Clippers coach Doc Rivers monitors the Wizards because his son, Austin, serves Beal’s primary backup. More film work came leading into the second meeting between the teams. Los Angeles hammered Washington 136-104 on Oct. 28. Things were only getting worse for the Wizards. Then came the second half.

“They just forgot about the stuff they’re going through and got back to playing basketball,” Doc Rivers said of the Wizards.

“I’ve always thought that’s what you have to do. Every guy out there on both teams, they played basketball all their lives. Then you get all the, what I call ‘stuff.’ The clutter starts affecting your game. Tonight you could see the clutter was killing them early. Then when they saw they had a chance to win, they started playing basketball again.”

Assume nothing but sunshine and swishes going forward if you must. Ideally, the Wizards do not. They have work remaining. In the second half against the Clippers, Wall, Beal, and crew rose up. In doing so, the fat lady took a seat.

We’ll see for how long.

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Markieff Morris unhappy with leaks coming out of Wizards' locker room

Markieff Morris unhappy with leaks coming out of Wizards' locker room

The Wizards had just completed a 24-point comeback against the L.A. Clippers, but something wasn't sitting right with power forward Markieff Morris.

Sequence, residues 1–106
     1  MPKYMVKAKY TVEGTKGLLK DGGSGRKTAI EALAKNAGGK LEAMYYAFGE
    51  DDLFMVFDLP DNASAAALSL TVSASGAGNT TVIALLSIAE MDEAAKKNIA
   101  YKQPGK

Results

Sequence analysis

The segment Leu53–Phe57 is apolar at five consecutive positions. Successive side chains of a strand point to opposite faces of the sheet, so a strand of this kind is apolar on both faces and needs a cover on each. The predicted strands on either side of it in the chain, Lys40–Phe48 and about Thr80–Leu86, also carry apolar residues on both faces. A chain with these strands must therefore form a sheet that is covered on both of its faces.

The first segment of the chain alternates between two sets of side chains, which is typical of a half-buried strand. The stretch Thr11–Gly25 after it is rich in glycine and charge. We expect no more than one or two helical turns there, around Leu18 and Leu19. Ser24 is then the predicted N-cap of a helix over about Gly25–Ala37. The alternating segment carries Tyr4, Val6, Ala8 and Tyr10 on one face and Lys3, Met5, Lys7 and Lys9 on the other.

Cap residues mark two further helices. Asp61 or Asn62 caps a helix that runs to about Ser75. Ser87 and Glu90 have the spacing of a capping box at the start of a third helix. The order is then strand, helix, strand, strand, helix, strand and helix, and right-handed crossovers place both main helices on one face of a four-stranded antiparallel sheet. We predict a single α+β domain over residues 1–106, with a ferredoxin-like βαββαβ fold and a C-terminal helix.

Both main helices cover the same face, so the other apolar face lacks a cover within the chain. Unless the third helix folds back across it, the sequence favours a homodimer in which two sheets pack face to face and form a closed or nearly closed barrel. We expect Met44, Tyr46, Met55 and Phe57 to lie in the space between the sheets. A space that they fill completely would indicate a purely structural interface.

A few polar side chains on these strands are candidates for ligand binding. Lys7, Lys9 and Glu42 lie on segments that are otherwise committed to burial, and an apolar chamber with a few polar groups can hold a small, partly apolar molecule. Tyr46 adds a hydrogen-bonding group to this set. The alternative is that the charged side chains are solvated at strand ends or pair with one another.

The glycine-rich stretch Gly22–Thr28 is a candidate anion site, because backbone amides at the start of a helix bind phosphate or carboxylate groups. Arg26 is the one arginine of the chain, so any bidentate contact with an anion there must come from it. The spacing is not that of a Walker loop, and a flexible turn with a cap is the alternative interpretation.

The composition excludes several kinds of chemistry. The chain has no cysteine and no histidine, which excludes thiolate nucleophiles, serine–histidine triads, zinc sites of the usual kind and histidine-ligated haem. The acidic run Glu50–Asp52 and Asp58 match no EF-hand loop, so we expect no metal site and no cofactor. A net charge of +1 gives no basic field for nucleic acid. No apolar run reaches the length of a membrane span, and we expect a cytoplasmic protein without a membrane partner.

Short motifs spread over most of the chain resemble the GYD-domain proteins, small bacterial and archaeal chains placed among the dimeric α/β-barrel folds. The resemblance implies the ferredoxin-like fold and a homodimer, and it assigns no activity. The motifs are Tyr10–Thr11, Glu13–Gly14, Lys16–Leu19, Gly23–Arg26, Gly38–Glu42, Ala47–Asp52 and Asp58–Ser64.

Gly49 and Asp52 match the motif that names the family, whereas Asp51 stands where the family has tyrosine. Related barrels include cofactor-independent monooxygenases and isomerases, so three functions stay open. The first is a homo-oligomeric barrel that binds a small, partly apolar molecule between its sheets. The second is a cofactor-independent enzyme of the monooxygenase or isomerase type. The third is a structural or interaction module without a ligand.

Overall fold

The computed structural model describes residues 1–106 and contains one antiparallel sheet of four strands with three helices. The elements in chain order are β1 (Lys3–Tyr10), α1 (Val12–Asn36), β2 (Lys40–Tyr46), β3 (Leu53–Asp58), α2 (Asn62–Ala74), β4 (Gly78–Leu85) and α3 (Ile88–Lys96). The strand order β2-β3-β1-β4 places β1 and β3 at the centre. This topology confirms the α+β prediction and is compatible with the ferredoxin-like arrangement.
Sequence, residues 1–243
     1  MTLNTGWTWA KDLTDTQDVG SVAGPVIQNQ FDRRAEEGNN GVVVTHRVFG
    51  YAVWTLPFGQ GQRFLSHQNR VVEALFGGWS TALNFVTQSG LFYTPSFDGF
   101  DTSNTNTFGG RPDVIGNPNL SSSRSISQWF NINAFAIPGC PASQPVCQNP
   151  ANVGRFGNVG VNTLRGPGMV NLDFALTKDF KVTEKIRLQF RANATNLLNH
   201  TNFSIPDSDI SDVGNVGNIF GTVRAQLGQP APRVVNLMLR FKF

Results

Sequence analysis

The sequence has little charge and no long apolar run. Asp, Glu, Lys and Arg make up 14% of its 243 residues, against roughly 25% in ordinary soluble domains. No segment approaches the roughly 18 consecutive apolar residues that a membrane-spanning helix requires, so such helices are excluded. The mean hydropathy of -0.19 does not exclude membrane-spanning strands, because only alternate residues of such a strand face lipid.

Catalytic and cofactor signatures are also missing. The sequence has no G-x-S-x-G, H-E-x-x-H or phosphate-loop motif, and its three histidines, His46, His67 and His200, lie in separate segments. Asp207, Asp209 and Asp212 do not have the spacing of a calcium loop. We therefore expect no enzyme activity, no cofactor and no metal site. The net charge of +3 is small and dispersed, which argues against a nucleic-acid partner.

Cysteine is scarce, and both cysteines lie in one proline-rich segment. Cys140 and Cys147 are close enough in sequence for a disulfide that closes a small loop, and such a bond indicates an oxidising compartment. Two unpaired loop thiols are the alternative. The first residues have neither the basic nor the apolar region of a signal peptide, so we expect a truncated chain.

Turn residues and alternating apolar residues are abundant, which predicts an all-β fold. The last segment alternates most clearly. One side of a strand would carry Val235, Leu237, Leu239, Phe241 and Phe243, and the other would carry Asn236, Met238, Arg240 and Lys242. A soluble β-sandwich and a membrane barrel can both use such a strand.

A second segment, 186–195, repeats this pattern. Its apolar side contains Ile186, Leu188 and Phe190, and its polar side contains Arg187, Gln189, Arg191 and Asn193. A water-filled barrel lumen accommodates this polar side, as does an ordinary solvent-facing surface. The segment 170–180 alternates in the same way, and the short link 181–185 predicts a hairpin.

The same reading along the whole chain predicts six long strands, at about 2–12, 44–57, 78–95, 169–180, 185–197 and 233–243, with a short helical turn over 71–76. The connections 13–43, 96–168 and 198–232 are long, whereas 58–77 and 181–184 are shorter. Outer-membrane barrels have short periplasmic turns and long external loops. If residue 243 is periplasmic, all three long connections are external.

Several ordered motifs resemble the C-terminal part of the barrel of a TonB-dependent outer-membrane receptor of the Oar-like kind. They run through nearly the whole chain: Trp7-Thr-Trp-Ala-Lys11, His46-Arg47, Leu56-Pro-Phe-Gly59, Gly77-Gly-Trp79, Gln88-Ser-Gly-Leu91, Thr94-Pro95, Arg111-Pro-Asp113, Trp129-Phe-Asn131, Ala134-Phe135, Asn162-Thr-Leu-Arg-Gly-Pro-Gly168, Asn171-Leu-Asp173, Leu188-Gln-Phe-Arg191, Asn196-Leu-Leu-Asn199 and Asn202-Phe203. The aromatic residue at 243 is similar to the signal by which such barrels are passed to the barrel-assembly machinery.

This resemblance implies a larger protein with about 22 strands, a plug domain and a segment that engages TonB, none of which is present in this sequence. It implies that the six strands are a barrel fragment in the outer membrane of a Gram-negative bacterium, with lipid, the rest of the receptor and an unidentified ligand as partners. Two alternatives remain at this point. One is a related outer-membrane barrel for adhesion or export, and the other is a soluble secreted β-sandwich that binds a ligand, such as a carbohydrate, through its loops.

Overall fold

When asked by a reporter if it was nice to get the win given their recent losing and the media controversy surrounding the team, Morris couldn't help but wonder who it was who leaked comments made by players behind closed doors at a practice last week.

There were very specific quotes cited by several media outlets and Morris wants to know where they came from. 

"It's f***ed up what's going on," he said.

"The comments that's coming from the locker room, that's f***ed up."

Morris went on to say that anonymous sources leaking information shouldn't "happen in sports." Many professional athletes see the locker room and team-only events like practice as sacred. Anyone who breaks that code is, in their eyes, a traitor.

If Morris knew who the information came from, it sounds like he would do something about it.

"I don't know who it is, so it's hard to address. But it's messed up," he said.

Which player or member of the organization spilled the beans could be a question for this team all season. It doesn't sound like Morris will forget that it happened.